Beginning with 1925 the Deutsche Reichsbahn started building unified, standardized locomotives. This meant that all the locomotives of the same class had exactly the same building parts, so if they broke down, they could easily be repaired anywhere throughout the country because all locomotive repair workshops had the exact same parts.
The first standard class built according to this principle was BR 01, which was an express locomotive. The second standard class was BR 43, a type of steam locomotive designed to pull heavy goods trains. Another class, BR 44, was built for the same purpose, but, opposed to BR 43, it was a three-cylinder design. The BR 43 proved to be more economical, but the BR 44 could operate at higher speeds, so only a total of 35 locomotives of type BR 43 were built. These were assembled between 1926 and 1928 by Henschel & Sohn and Schwartzkopff.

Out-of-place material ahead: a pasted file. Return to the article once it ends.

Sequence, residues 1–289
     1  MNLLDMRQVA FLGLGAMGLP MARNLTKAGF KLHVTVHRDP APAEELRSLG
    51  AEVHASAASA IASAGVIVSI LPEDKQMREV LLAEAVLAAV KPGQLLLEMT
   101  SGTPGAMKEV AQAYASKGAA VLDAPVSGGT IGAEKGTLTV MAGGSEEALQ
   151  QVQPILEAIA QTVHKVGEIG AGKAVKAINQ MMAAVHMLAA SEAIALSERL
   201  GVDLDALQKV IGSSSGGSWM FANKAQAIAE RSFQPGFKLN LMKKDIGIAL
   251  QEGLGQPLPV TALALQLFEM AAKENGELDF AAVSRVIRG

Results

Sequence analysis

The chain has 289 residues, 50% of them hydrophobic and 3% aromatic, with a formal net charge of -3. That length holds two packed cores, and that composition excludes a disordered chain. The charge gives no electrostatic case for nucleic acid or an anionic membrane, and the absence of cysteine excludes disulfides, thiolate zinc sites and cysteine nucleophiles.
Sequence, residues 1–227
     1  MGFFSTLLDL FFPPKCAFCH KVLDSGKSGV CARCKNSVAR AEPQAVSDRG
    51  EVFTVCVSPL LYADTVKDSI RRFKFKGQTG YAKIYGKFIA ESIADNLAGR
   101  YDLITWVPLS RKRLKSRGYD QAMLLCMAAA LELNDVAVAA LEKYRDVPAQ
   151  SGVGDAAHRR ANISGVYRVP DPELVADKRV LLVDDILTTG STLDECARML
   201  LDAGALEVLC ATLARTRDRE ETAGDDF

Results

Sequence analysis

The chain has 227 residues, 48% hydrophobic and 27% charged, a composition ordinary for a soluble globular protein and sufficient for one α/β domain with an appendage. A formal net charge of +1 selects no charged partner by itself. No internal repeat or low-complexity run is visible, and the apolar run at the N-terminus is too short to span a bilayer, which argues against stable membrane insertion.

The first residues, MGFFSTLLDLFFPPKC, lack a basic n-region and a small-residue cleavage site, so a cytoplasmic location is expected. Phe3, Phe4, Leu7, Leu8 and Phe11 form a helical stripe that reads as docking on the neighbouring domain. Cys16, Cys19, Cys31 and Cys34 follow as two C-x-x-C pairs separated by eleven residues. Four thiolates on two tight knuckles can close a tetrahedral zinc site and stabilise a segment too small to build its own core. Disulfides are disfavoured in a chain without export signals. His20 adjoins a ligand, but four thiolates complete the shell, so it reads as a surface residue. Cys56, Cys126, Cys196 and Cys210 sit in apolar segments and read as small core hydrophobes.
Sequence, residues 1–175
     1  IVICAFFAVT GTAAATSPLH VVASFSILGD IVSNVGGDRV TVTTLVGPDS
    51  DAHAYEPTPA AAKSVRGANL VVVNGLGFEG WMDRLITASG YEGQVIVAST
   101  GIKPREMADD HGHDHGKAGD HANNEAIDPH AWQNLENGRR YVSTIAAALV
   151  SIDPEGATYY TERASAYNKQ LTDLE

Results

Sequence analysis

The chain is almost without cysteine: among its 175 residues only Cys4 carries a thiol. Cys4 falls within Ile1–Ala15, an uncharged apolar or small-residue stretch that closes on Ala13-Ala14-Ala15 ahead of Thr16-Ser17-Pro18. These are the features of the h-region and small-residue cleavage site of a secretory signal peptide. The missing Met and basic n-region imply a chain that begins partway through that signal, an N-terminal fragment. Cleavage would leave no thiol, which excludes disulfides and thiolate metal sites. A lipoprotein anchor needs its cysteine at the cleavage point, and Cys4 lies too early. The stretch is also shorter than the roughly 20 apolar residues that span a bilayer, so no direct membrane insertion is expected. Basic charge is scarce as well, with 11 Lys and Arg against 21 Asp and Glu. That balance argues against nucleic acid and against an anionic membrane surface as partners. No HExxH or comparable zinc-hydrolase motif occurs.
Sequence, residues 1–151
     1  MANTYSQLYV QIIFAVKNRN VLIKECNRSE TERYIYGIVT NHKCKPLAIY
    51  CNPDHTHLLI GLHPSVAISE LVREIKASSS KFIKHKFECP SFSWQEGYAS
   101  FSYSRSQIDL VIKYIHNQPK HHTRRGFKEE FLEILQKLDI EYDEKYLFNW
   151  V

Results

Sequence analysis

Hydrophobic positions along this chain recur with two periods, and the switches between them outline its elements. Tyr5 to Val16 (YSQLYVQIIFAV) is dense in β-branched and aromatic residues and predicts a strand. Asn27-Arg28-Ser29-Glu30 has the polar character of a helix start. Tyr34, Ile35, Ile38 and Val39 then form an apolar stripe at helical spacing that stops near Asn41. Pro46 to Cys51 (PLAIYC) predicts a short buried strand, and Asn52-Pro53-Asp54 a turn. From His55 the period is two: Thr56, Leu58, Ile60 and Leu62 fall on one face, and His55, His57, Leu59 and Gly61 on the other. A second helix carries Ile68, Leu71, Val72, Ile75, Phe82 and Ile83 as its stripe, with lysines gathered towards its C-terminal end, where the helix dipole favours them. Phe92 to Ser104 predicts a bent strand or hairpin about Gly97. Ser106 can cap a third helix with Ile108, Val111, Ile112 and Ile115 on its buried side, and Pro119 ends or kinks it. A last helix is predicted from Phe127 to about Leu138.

The BR 43 was a very strong locomotive. In fact BR 43 013 holds the record of being the German locomotive that pulled the heaviest train ever (5000 t). In 1960 the few remaining BR 43 class steam locomotives were modernized and fitted with more powerful boilers, so they could pull loads over twice as heavy as intended in the original design. However this quickly lead to frame damage and by 1968 they were all retired.
BR 43 001, seen in this beautiful H0 scale model, is a museum piece and can currently be found in the Saxon Railway Museum in Chemnitz. The model was manufactured by Revell and has item number 2170.
ID: BR 43 001
Wheel arrangement: 2-10-0
Builder: Henschel & Sohn
Top speed: 70 km/h
Power: 1383 kW
Gauge: Standard (1435 mm)
Driving wheel diameter: 1400 mm
Leading wheel diameter: 850 mm
Location: Chemnitz (Saxon Railway Museum)